Can computer water temp sending unit register hot air?

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Old 08-21-07, 04:54 PM
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Can computer water temp sending unit register hot air?

Now I need info.

Today my car overheated after I left big box store I practically live at. I had to quickly turn around and head back there after noticing temp gauge reading 3/4 to hot with check gauges light flickering. I knew I needed more coolant and presumed I was low. But when I popped the hood, with the car running, I noticed the fan was not running. I let the engine cool while I went in and got the anti-freeze. Then I did some testing. Ended up going to nearby junk yard and got fan relay switch. While yard attendant was getting the new switch, the engine cooled down and I opened the radiator cap and level was low so I added coolant. Then he came, installed the new used relay, idled the car for a while, and the fan worked.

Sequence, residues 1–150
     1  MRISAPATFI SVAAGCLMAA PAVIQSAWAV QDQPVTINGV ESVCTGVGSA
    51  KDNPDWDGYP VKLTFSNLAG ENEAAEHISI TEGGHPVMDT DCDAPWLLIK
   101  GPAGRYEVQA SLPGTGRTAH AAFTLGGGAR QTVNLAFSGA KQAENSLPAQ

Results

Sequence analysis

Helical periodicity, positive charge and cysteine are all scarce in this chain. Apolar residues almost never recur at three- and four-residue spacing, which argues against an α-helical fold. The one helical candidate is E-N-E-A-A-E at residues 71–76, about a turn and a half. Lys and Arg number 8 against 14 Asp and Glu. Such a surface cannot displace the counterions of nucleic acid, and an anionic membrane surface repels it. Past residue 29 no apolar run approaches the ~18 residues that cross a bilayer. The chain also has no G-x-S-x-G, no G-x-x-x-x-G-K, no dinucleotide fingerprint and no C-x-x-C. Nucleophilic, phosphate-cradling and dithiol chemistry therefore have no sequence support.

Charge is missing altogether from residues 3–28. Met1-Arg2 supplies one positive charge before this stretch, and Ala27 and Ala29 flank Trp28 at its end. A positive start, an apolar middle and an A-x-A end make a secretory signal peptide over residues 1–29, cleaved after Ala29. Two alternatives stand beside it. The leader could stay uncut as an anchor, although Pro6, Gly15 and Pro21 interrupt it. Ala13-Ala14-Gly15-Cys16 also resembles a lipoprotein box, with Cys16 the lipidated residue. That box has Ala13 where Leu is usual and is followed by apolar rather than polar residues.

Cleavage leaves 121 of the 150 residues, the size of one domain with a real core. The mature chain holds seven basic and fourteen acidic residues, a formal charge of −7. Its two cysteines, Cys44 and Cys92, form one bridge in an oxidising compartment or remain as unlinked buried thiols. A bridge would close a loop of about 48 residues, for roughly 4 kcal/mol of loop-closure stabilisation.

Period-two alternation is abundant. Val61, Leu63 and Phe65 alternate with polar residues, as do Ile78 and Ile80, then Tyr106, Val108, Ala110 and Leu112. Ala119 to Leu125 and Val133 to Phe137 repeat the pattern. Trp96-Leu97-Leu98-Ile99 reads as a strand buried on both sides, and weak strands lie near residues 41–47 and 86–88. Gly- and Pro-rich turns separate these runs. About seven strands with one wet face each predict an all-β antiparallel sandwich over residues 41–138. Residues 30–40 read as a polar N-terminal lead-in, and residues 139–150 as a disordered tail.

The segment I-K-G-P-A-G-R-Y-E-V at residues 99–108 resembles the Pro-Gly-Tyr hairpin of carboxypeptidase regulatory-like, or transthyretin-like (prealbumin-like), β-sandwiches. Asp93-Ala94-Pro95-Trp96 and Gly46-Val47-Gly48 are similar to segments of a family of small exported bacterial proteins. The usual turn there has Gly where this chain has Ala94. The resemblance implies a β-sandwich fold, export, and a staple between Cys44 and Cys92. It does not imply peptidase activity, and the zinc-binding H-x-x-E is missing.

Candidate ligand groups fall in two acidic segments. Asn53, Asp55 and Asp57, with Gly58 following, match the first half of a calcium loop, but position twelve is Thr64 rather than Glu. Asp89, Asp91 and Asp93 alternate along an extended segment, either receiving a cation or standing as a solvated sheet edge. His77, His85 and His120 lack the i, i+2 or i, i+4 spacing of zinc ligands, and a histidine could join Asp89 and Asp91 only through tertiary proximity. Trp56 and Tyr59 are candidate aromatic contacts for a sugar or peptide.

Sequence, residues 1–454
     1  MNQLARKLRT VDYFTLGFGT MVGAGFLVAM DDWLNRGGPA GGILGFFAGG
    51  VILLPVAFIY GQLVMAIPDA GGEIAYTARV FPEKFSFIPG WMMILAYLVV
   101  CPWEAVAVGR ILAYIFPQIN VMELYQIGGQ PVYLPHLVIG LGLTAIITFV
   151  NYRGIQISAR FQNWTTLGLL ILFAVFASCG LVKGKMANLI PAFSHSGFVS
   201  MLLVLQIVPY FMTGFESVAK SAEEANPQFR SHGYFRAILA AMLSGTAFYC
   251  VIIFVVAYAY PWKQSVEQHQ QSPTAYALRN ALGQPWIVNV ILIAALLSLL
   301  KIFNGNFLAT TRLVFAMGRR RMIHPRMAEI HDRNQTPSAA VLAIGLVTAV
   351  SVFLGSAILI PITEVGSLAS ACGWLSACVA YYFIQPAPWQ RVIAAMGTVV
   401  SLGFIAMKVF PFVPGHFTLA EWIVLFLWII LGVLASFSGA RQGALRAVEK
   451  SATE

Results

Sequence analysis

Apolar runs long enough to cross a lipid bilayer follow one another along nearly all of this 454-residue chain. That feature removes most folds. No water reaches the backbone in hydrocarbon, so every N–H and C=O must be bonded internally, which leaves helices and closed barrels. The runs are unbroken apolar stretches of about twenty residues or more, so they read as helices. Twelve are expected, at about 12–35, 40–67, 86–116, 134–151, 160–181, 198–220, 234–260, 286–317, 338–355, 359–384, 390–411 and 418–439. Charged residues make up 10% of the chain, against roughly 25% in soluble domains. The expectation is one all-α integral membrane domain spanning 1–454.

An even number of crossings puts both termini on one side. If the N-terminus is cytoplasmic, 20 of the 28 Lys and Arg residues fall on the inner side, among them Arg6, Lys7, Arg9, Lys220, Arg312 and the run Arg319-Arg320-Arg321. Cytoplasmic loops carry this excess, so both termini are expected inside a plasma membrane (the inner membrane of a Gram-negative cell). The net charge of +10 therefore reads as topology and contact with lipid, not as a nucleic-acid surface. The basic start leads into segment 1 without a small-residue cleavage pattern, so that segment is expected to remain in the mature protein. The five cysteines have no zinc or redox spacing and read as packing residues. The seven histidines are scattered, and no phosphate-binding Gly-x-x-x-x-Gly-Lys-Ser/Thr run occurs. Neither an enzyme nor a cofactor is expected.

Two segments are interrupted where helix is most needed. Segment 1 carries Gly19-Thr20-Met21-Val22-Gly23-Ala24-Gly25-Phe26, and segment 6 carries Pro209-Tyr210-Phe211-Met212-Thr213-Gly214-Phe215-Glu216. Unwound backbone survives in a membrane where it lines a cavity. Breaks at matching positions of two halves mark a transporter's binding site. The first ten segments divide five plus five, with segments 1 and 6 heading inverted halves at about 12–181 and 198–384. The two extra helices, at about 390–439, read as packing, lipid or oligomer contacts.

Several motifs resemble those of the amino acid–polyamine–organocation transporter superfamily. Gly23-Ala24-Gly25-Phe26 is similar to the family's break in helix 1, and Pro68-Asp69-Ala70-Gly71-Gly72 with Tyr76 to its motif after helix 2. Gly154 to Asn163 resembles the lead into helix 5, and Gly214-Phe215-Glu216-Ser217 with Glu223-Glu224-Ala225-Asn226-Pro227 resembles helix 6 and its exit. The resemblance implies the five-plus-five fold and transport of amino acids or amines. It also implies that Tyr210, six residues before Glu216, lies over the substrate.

Then I thought to myself, "Silly me. Telling people not to buy parts if you don't need it." I got thinking (too late of course) that MAYBE it was the low coolant level the whole while. That even though the thermostat area of the engine was most likely pretty hot, that probably no coolant was actually touching the temp sending unit inside. And MAYBE the sending unit needs coolant, rather than hot air to be touching it? But then I also reasoned that perhaps the car overheated FIRST because of the bad fan relay?, and sent coolant bubbling into my resevoir (which it did), and then because the level was low now in my radiator, that this is what caused the overheating.

So which is it?

I could take the new used relay out, if I have to and test again with my old relay. But does anyone else here plain know the answer to my question? I think it is good that everyone knows the answer, anyway, as running low on coolant is something many people encounter, and those sending units are at the high point in the engine, and thus probably all vehicles behave the same way, regarding whether or not coolant touching the sending unit is required, instead of just hot air touching the sending unit.

I also could destroy the relay and look inside it, but I don't want to do that in case it is good, and this would give me a spare.